Mary Edwards Walker (1832–1919) was a female Civil War physician who received the Medal of Honor for her service. Walker received her medical degree from Syracuse Medical College in 1855. At the start of the Civil War, she offered to work as a surgeon for the Army. The Army initially refused her services, but she was able to practice after she agreed to work unpaid. Walker tended to Union wounded on site and at a hospital in Washington, DC. She earned the respect and admiration of her male colleagues and eventually received a paid contract...
Historian Matthew Pinsker leads a virtual teacher’s tour of the Battle of Gettysburg, highlighting key moments and individuals to illustrate the broad story of the battle, its implications for the Civil War, and its legacy in American history.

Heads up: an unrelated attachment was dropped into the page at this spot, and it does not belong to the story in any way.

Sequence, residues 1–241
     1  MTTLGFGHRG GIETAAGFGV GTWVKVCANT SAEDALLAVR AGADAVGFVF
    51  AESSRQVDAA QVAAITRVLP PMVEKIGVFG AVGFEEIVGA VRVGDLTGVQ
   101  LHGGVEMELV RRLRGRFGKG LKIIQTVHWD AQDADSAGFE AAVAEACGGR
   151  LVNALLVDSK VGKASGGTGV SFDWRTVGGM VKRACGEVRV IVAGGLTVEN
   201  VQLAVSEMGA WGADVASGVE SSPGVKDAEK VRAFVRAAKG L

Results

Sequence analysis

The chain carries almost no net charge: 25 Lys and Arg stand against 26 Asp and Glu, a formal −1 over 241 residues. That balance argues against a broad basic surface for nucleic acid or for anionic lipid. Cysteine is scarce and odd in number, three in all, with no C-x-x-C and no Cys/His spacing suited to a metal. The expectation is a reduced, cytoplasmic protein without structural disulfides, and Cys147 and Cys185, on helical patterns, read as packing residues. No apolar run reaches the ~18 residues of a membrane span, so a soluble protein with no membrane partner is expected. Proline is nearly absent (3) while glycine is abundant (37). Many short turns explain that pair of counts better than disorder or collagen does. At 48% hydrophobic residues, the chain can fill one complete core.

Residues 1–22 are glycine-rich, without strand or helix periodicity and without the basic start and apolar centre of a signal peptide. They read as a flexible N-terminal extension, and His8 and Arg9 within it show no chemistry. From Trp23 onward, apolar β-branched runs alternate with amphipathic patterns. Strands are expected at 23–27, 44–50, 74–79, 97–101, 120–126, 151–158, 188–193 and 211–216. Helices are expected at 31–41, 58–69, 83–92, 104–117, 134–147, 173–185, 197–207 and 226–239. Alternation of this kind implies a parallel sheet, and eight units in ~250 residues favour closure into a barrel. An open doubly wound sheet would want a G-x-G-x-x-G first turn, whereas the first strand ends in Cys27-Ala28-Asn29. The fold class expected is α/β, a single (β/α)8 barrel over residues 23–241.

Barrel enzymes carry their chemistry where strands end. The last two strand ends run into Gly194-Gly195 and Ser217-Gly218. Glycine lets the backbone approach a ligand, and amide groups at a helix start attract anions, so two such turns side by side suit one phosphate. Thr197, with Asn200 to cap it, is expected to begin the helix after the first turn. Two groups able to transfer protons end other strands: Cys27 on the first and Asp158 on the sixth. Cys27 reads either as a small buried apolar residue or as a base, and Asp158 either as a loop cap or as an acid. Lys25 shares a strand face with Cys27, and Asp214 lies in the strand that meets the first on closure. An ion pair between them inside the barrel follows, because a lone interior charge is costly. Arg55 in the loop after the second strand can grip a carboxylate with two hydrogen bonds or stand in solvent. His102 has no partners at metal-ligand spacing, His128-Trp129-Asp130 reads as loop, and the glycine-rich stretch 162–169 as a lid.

James I. Robertson, Alumni Distinguished Professor in history at Virginia Polytechnic Institute and State University, re-examines, in Stonewall Jackson: The Man, the Soldier, the Legend, the life and the aura of Thomas “Stonewall” Jackson.
James M. McPherson, George Henry Davis ’86 Professor of History at Princeton University and Pulitzer Prize winner, examines the Battle of Antietam and establishes that Antietam was a critical victory that ensured the continuance of Lincoln’s presidency, raised Northern morale, and enabled Lincoln to issue the Emancipation Proclamation.
Edward L. Ayers is Dean of the College and Graduate School of Arts and Sciences at the University of Virginia where he is also the Hugh P. Kelly Professor of History. Here he looks at the Civil War’s impact on the lives of people in two communities divided by the Mason-Dixon line, based on his book In the Presence of Mine Enemies, which was awarded the 2004 Bancroft Prize.